As you depart, you can also throw in one or all of the following: Aurevoir, Merci Beaucoup, Bonne Journee. (Goodbye, Thank you, and Have a good day.) It shows respect and is the norm culturally. Would you leave a home you were a guest at and not say goodbye? It is common sense.
The above rule works well in restaurants too. Always make eye contact and greet the Host/Hostess upon entering. Once seated, greet your server and anyone else that comes to your table. Speak softly and slowly, as many Americans tend to speak very loudly and condescendingly as if it helps the staff understand English better. It is rude to the server and, in the process, disturbs other guests and the staff.
Interestingly this tends to be an American thing, and it is often quite embarrassing to watch. I have sometimes felt the need to apologize as if somehow I am accountable as an American.
The French center their lives around food and drink. These meals should be slow and relaxing. The average meal lasts hours. Here are a few suggestions when eating out.
*Menus in nontouristy restaurants will not arrive immediately. It is considered rude culturally to rush you. You are given the time to settle, relax, and get acquainted. You may be offered an aperitif first. When the menu comes, you may wait a while for the server to take your order. They don’t want you to feel rushed. Also, as long as the menu is open, they will not come as it signals you are still deciding what to get. Again keep in mind the atmosphere is meant to be slow. If you are in a hurry for any reason, like to catch a train, explain that to the server immediately. Their first instinct is to give you space.
*Meals, once ordered, come with long breaks between courses. Most French cuisine is made fresh and to be served hot. It is rarely a rushed process.
*If you wait for the check to be delivered at the end of the meal, you are in for a long wait. It is considered insulting to the guest to bring it without them asking. By far the rule for most of Europe. This is your table usually for as long as you want it. When you are ready, say “L’ addition S’il Vous Plait” followed by “Merci” once they acknowledge it.
These will be odd for many
*In a traditional restaurant, you rarely see salt and pepper on the table. The Chef has prepared this to their exact specifications, and seasoning is part of that. To add or alter it is seen as saying the Chef did not do their job. In reality, I rarely have felt any was needed.
*You will NEVER see butter on a traditional French table. The French do not put butter on their bread during meals, ever. It is best not to ask for it as it may not even be available as a condiment.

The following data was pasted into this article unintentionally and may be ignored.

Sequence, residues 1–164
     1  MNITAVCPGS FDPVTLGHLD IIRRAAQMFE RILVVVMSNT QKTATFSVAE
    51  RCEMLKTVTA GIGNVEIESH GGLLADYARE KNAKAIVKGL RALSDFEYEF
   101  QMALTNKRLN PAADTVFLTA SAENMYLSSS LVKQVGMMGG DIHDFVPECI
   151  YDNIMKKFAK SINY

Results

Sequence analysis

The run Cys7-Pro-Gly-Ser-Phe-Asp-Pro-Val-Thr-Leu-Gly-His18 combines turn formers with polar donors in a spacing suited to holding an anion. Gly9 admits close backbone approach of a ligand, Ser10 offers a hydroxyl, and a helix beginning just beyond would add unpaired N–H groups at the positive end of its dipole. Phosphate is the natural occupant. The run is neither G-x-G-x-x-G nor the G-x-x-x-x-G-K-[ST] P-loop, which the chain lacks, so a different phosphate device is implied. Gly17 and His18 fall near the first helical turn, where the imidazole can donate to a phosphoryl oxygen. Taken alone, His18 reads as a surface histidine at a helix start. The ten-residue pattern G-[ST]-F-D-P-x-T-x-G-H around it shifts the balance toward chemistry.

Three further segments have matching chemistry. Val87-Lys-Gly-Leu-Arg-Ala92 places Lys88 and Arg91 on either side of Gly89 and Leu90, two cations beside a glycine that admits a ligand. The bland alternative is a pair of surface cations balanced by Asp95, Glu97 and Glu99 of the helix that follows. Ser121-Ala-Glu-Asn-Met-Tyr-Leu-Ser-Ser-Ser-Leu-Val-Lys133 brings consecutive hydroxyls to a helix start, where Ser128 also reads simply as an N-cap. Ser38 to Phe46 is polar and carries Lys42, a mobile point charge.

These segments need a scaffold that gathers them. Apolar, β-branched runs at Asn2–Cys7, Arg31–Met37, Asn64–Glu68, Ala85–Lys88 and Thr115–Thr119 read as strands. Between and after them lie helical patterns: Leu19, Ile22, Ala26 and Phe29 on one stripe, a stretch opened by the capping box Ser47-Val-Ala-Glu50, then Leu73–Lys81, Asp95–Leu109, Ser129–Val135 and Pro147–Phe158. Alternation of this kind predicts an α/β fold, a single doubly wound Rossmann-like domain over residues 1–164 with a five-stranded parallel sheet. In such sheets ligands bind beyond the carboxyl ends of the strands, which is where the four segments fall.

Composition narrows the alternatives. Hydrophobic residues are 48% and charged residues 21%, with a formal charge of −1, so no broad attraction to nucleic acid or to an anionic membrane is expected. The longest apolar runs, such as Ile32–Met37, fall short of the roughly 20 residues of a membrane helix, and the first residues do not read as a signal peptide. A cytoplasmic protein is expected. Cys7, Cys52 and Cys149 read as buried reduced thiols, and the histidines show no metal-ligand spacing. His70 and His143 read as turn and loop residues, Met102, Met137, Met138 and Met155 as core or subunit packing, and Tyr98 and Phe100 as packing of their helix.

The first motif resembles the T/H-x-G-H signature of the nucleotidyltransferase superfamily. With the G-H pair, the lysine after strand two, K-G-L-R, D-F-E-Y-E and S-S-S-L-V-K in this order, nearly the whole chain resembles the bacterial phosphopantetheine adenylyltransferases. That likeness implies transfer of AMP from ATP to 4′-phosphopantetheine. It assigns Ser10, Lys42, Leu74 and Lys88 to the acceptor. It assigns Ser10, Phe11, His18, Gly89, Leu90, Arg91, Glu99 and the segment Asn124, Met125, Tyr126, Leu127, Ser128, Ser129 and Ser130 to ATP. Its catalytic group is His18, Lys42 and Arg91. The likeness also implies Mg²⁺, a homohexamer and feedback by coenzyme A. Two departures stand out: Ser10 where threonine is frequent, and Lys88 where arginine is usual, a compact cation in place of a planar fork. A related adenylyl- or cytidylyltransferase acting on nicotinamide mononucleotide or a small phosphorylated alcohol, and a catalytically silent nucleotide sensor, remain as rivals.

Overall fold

*One last thought, do not ask for a doggie bag; it is considered disrespectful. The servings are rarely large and are prepared fresh at their peak. The Chef may take personal afront as much effort was made to present a freshly prepared meal for you. It will be less enjoyed as a leftover and may take away from the experience.
The majority of French people speak excellent English, except for older populations. It always is respectful to know some essential words and greetings. By making an effort, you will find they are much freer with their English. It is their home, so knowing the basics will serve you well.
You don’t need to learn much. You should know the basic ones; the more, the better.
Bonjour Good day
Bonsoir Good evening
Au revoir Goodbye
Merci Thank you
Merci beaucoup Thank you very much
S’il vous Plait Please
Excusez-moi Excuse me
Je suis désolé: I’m sorry
Comment allez-vous? How are you?
Tres bien Very good
Je ne parle pas francais I don’t speak french
L’addition s’il Vous Plait Check Please
De rein A casual “Your Welcome”
Où sont les toilettes? Where are the toilets?
Combien ça coûte?: How much is this?
Want to learn how to pronounce the words and phrases above? Go to Google Translate, enter the word or phrase, then hit the speaker icon at the base of the block.
There are markets all over France, but the ones in Provence are some of the world’s best. It is a sight for the eyes. You might be tempted to touch the produce but DO NOT. That is the vendor’s job. You can leave it up to them or point but don’t touch yourself.
This is a good rule for shops as well. At times, touching merchandise gets you snapped at and often brings you nasty looks. The saying Keep your hands off the merchandise works well as a rule in France.
Most shops and services are not open overnight or on Sundays. Life and work balance is taken seriously in France. Many shops still close for a long lunch from 12-2:00 pm. I have seen tourists become irritated at the shopkeepers due to this. This is how they chose to run their business, and if it bothers you, then find another open shop.